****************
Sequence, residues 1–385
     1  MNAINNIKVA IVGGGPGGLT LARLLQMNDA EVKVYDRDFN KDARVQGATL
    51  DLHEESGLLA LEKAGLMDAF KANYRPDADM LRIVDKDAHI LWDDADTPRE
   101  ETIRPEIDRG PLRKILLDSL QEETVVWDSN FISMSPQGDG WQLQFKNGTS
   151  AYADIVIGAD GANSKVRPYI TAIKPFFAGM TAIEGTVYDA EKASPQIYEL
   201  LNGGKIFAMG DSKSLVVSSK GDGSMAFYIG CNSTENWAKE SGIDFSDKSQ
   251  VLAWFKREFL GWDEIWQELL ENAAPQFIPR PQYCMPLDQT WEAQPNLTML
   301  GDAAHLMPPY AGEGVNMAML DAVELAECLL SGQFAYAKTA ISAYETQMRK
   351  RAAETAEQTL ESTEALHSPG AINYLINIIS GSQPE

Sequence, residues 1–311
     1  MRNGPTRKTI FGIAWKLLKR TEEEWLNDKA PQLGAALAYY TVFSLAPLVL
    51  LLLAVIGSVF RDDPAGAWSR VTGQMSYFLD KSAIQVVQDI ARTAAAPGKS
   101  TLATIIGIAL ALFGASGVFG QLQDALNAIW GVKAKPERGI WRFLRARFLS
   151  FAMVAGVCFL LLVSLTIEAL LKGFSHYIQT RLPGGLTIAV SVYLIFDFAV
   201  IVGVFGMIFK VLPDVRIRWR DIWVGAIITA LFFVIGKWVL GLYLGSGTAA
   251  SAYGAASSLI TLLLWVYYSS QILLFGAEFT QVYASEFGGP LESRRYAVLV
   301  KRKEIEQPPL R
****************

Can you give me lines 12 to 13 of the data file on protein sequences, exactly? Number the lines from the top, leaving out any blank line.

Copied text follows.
    51  LLLAVIGSVF RDDPAGAWSR VTGQMSYFLD KSAIQVVQDI ARTAAAPGKS
   101  TLATIIGIAL ALFGASGVFG QLQDALNAIW GVKAKPERGI WRFLRARFLS